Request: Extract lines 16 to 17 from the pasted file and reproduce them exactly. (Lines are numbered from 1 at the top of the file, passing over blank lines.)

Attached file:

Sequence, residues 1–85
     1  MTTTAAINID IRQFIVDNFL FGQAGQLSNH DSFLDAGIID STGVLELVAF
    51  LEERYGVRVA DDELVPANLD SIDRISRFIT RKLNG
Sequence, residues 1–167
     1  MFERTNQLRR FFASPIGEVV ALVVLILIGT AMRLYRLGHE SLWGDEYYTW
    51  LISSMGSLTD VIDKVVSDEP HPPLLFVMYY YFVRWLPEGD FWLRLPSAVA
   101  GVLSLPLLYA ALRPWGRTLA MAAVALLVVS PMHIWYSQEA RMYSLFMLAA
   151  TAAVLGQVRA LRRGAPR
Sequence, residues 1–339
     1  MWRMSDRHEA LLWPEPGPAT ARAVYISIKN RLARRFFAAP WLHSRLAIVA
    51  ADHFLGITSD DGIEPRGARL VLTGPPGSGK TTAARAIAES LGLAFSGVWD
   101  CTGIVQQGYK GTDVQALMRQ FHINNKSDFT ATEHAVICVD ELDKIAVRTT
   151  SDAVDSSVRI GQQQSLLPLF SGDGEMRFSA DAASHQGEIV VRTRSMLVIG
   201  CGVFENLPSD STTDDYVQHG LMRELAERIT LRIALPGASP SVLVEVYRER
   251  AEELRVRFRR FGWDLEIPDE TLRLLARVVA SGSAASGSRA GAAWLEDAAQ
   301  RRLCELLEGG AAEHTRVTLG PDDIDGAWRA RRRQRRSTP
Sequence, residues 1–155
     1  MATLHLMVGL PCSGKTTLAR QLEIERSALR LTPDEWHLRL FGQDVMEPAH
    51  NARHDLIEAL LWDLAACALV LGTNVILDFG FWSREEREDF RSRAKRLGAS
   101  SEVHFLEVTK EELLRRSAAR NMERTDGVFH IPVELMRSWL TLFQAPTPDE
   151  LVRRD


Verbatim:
   301  RRLCELLEGG AAEHTRVTLG PDDIDGAWRA RRRQRRSTP
Sequence, residues 1–155